How long does it take for mature thinking in HR to take hold? Let’s consider this question in relation to how the problematic topic of performance management has fared over the last 20 years or so. Back in 2000, I wrote in my book “Measuring and managing employee performance” (Financial Times Executive Briefings series) –
“Why traditional appraisal schemes don’t work
Perhaps the bluntest instrument in the Personnel department’s armoury has always been the traditional appraisal scheme. The one-to-one discussions between supervisor and subordinate have become a very tired old idea.”
Adding for good measure –
“My own simple view about appraisal is that good managers don’t need it and bad employees don’t want it.”
Yesterday I came across this quote in “Building a High-Performance Culture: A Fresh Look at Performance Management” published in 2012 as part of the SHRM Foundation’s Effective Practice Guidelines Series –
“Decades of research and practice have been devoted to understanding and improving performance management in organizations. Yet the traditional performance review process continues to be painful and ineffective for both managers and employees. In many cases, the focus on improving formal systems has not achieved the desired results.”
One of the companies I referred to in 2000 was Zeneca (now AstraZeneca) who had brought in a new performance management scheme way back in 1992 (reported at the time in the institute magazine ‘Personnel Management’). I told the story of speaking at a performance management conference in 1996. Having prepared a slide ridiculing Zeneca’s old scheme I noticed two Zeneca delegates were on the list of attendees. So …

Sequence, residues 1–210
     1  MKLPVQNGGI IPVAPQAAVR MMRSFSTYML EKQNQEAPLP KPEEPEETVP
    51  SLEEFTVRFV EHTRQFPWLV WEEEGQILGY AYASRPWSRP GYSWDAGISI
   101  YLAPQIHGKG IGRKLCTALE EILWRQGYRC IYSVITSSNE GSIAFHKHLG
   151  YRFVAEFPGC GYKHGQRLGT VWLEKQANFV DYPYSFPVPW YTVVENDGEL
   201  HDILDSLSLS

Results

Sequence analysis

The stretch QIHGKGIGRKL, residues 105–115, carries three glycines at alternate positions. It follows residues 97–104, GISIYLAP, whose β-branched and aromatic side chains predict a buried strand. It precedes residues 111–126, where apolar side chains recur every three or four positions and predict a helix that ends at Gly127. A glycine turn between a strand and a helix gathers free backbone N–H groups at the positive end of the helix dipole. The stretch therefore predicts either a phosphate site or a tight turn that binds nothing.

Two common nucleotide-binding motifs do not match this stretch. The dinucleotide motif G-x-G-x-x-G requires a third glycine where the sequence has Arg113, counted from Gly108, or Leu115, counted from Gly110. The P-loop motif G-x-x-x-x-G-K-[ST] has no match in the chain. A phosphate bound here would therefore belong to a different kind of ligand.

“For a split second, I considered pulling this particular slide but then thought, what the hell, and decided to go ahead with it. Only this time, I mentioned to the audience that we had some delegates from Zeneca in the audience and I wondered how they might respond to my criticism. To this challenge one of the Zeneca delegates responded with a wry smile, and just said quietly, “oh, we have moved onto something else since then.”
They have kept “moving on” to such an extent that AstraZeneca is in big trouble today. Its drug pipeline is drying up and it is relocating its entire UK R&D function in a desperate attempt to get it to perform better. If it had been more mature in managing performance 20 years ago it might not be in this mess. It would already have the sort of culture now espoused by SHRM’s booklet –
“ In fact, research shows that what truly increases employee performance and engagement is not annual reviews, but the day-to-day process of managers communicating expectations, providing feedback and leveraging employee talents.”
Only 10 days ago someone referred to my old book which he bought back in 2000. He remarked –
“Anyone who asks me about performance management I steer them in the direction of your book. I like the approach that you take in it because it “not only looks at the specifics of employee performance measurement but the context in which we have to apply it”
In other words, context, especially cultural context, is everything.
This “day-to-day process of managers communicating expectations, providing feedback and leveraging employee talents” is easy to say but actually demands a very mature and sophisticated organizational culture. Performance is, and always was, a much greater issue than the mechanistic processes installed by HR teams over the last two decades. If anything, in the light of the many executive bonuses that have rewarded failure, it could be argued that performance management has often done more harm than good. Let’s see if the new CEO of AstraZeneca earns his. If you have any shares be prepared to sell.